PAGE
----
The Lakers' LeBron James and Anthony Davis are considered the best duo in the NBA. (Photo: Kim Klement, USA TODAY Sports)
Good: The Grizzlies lead the league in steals per game and are third in points off turnovers per game, relying on their defense to create scoring opportunities.
Bad: The Grizzlies are 26th in 3-pointers made, 25th in 3s attempted per game and 22nd in 3-point field goal percentage.
Good: Bam Adebayo continues to emerge as a star – 20.2 points, 9.2 rebounds and 5.2 assists per game while shooting 58.1% from the field.
Bad: The defending Eastern Conference champions have been ravaged by injuries and COVID-19 health and safety protocols, and the offense has suffered.
Milwaukee Bucks (15-8)
Good: The Bucks have the best offense and net rating, and Khris Middleton and the addition of Jrue Holiday have eased pressure on Giannis Antetokounmpo.
Bad: Bucks are 24th in 3-point field goal percentage allowed at 38.2%.
Good: D’Angelo Russell and Malik Beasley are each at 20 points per game and better than 37% on 3s.
Bad: In 291 minutes on the court together, D’Angelo Russell and Anthony Edwards have been outscored by 16.4 points per 100 possessions.
New Orleans (10-12)
Good: Brandon Ingram (23.9 points per game, 39.7% on 3s) and Zion Williamson (23.7 points per game, 59.6% shooting).
Bad: The Pelicans’ bench scores a league-low 28.9 points per game.
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New York (11-14)
Good: New Knicks coach Tom Thibodeau has the Knicks up to No. 6 in defensive rating.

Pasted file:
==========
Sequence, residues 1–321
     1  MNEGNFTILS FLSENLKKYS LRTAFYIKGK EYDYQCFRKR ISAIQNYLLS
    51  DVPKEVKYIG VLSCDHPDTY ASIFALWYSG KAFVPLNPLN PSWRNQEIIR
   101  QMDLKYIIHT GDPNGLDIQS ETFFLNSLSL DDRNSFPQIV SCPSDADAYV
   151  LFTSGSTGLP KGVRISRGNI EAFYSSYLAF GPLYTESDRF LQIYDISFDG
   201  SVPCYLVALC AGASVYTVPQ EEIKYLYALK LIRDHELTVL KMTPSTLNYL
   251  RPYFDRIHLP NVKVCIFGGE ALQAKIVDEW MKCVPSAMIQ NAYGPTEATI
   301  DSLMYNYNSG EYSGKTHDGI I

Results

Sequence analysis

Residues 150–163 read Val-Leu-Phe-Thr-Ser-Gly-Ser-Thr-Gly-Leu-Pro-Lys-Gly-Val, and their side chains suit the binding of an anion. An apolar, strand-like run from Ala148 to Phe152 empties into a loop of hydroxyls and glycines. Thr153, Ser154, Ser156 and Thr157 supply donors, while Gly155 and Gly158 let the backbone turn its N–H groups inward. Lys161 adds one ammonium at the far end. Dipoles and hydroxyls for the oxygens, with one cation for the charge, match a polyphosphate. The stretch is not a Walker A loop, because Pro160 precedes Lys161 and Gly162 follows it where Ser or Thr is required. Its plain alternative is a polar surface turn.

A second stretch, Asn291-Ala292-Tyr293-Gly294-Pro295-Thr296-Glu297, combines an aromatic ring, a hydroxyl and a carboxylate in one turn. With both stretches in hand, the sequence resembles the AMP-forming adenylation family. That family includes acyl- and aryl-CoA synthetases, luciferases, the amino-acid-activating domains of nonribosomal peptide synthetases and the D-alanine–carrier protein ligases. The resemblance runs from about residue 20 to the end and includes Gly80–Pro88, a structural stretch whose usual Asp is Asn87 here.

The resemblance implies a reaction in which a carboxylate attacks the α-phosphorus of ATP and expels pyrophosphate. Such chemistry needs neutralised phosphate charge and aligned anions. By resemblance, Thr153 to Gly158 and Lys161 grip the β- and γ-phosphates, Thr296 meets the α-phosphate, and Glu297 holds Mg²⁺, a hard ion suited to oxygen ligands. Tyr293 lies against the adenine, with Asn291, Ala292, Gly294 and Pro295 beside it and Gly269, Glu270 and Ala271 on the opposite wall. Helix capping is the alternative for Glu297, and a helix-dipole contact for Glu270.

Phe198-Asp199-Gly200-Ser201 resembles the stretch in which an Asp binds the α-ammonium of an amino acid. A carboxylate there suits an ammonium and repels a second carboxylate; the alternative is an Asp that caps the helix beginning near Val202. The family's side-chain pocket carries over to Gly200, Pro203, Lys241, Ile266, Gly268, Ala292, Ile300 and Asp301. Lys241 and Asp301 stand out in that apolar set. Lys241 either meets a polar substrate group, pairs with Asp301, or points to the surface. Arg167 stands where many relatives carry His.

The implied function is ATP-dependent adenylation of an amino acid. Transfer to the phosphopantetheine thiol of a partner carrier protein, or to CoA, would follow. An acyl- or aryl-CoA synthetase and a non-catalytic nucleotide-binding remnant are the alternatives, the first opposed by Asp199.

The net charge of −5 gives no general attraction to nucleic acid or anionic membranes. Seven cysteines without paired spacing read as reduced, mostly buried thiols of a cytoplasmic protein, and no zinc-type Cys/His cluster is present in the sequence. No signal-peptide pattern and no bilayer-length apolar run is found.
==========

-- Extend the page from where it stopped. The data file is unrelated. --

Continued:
Bad: Offense needs work despite Julius Randle’s career-best contributions.
Good: Nikola Vucevic is one of the league’s underappreciated players: 23.1 points and 11.4 rebounds per game while shooting 48.2% from the field and 42.3% on 3s.
Bad: The Magic are 29th in net rating at minus-7.4 points per 100 possessions.
Oklahoma City (10-12)
Good: Shai Gilgeous-Alexander is headed for stardom: 22.3 points, 6.4 assists and 5.5 rebounds per game and 51.5% shooting.
Bad: The Thunder are 28th in offensive rating, 29th in 3-point shooting percentage and 25th in assists per game.
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Good: Mikal Bridges continues to emerge as a quality 3-and-D wing, averaging 14.1 points and 5.6 rebounds and shooting 37.9% on 3s.
Bad: Devin Booker, Chris Paul and Deandre Ayton have been outscored by 5.1 points per 100 possessions in 388 minutes together.
Good: Under new coach Doc Rivers, Joel Embiid is playing the best basketball of his career. Helps when Seth Curry and Tobias Harris are 44% or better on 3s.
Bad: Have to nitpick a bit, but the Sixers are 28th in turnovers per game. No one player is egregious. It’s a group effort. That’s turned into 16.6 fastbreak points allowed per game, worst in the league.
In his first season with new coach Doc Rivers, Joel Embiid is having an MVP-caliber season. (Photo: Matt Slocum, AP)
Good: Damian Lillard and CJ McCollum are lighting it up offensively – Lillard at 29.1 points per game and McCollum at 26.7 points per game and combined 40.6% on 3s.
Bad: The Blazers are 28th in defensive rating, allowing 115.4 points per 100 possessions.
Good: De’Aaron Fox continues to improve – scoring a career-best 23 points per game and shooting an improved 36.1% on 3s.
Bad: The Kings are the worst defensive team in the league, allowing 116.8 points per 100 possessions.
San Antonio (13-10)
Good: DeMar DeRozan is great at what he does – 20.5 points and 6.6 assists per game and 49.6% shooting.
Bad: San Antonio is 27th in 3s made and 26th in 3s attempted.
Good: Fresh off a recording-setting 54-point performance, Fred VanVleet leads the Raptors in scoring at 20.2 points per game while shooting 37.3% on 3s.
Bad: Toronto started slow, hampered by its 26h-ranked shooting percentage.
Good: The Jazz are the only top-five team in both offensive and defensive rating.
Bad: Another nitpick, but the Jazz are 29th in isolation points per possession.
Good: Bradley Beal averages 33.2 points on 47.3% shooting.
Bad: Washington has had six games postponed due to health and safety protocols.
Led by Donovan Mitchell, the Jazz is one of the NBA's surprise teams this season. (Photo: Russell Isabella, USA TODAY Sports)